This is a book that requires contemplation and, perhaps, re-reading. I highly recommend that you find a way to discuss this book with someone else. Questions will arise; debate may ensue; thinking will take place. Why did Gene do what he did? Why and how do we compare ourselves to others? Do we tend to remember events accurately or in the way we wish to remember them? How did Gene and Phinney really feel about each other? Why does Phinney not care about winning? What does Leper's meltdown say about character? About war? About peace? What does the title mean? These are not questions that have easy answers, but reveal character in a way that some students may be uncomfortable with.

I highly recommend this book for those who are ready for it. For others, it will be difficult to get through without feeling bored, lost or angry. Perhaps A SEPARATE PEACE says more about the reader than it does about the characters.
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7 of 7 people found the following review helpful
5.0 out of 5 stars One of my all-time favorite books, November 28, 2005
A freshman English staple, it's easy to dismiss A SEPARATE PEACE as just another school book, but it's one of the classics which are classic for a reason. It's a wonderful example of an author's being perfectly suited to his subject--which seems like a no-brainer but often is a problem. Knowles' writing is beautiful, simple, and powerful, and his characters are so well-developed, even in such a short novel, that they're as close to real people as fiction allows. Phineas--who is, as far as I can recall, the only character without a surname--is an ideal hero; a Greek god without the hamartia of hubris. Rather, Finny's flaw is that he is noble enough to trust the nobility of others.

The book takes place at Devon School during World War II, at first the "summer session," new to Devon for this year, when all eyes are on the sixteen-year-old boys: old enough to be nearing adulthood, but young enough not to fear being drafted. The narrator, Gene Forrester, recalls the summer in an almost idealized manner, but not enough to leave out the trace of bitterness that was his jealously toward his best friend and roommate, Phineas. The latter session, the winter session of what I believe is their senior year (that part is a little confusing, but by the boys' ages--seventeen and eighteen--it should be their senior year), is much darker, dwelling more on the jealousy and guilt which Gene feels. Even then, with his glorious "Winter Carnival," Phineas tries to brighten the mood, but it is not to be. The plot rises to a horrifying climax and then falls over tragedy and reaches a very satisfying, but saddening, conclusion.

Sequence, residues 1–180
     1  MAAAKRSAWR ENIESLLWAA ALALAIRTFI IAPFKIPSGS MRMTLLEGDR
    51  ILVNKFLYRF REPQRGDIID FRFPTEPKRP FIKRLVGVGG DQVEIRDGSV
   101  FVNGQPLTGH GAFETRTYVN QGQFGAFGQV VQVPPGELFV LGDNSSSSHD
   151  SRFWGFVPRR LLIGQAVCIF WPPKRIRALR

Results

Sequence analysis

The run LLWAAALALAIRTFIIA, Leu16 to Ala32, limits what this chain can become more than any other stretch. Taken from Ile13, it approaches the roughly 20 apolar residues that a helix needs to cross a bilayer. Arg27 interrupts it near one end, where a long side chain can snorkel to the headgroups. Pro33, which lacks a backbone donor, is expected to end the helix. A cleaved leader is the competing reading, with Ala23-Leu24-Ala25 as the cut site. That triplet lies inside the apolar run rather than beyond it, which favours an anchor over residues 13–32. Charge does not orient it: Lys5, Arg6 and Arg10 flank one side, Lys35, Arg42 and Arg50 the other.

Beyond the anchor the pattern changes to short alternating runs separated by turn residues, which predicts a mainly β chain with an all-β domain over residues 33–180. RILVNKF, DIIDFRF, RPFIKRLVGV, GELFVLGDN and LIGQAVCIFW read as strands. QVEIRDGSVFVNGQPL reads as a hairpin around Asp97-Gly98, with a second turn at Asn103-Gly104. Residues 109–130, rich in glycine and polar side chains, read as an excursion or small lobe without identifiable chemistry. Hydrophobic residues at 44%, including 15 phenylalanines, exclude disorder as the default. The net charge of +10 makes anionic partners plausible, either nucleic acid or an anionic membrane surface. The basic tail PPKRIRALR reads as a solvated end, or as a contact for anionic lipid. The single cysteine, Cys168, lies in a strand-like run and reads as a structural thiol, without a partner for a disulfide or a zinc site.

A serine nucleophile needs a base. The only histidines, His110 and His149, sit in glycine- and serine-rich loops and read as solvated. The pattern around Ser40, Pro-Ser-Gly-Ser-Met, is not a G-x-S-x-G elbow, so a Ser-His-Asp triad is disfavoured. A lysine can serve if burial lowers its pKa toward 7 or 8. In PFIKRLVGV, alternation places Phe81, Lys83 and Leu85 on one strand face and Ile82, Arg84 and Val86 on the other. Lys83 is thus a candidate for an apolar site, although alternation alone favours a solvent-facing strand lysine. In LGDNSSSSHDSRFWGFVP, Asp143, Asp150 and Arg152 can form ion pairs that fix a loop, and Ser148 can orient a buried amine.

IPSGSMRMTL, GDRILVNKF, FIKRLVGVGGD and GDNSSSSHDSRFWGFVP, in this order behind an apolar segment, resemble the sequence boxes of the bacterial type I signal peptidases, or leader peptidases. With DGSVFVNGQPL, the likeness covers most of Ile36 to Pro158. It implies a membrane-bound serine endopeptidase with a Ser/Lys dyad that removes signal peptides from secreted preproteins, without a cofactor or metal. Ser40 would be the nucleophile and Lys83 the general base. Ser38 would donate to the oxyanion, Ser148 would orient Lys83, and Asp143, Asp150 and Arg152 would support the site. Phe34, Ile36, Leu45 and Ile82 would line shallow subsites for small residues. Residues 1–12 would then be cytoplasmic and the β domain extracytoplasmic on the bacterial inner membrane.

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10 of 11 people found the following review helpful
4.0 out of 5 stars An English Teacher's Perspective!, August 17, 2006
This review is from: A Separate Peace (Paperback)
Having taught this book several times as an English teacher, I've certainly had my exposure to it. My view of the novel has certainly changed over time, as I've come to regard the novel for all of its beauty. I strike a single star from its score simply because I don't believe the book has aged well; it is not accessible and applicable to contemporary America like it was to the generation of adolescents who could still remember that there was such a thing as World War II and that it wasn't almost as long ago as Noah's flood. To today's teenagers, it comes across as cheesy. This is truly a shame, suggesting we have reached a period in history in which the naiveté of youth has been obliterated. But then, that is what the novel is about, and perhaps it has grown even more meaningful today. Instead of reading this text as a commentary on individual maturation and the rites of passage associated with it, A Separate Peace must be viewed as a commentary on the development of Modern America, a country that has grown much like Gene, made mistakes like Gene, and has come to realize a state of experience and worldliness that is a far cry from its origins.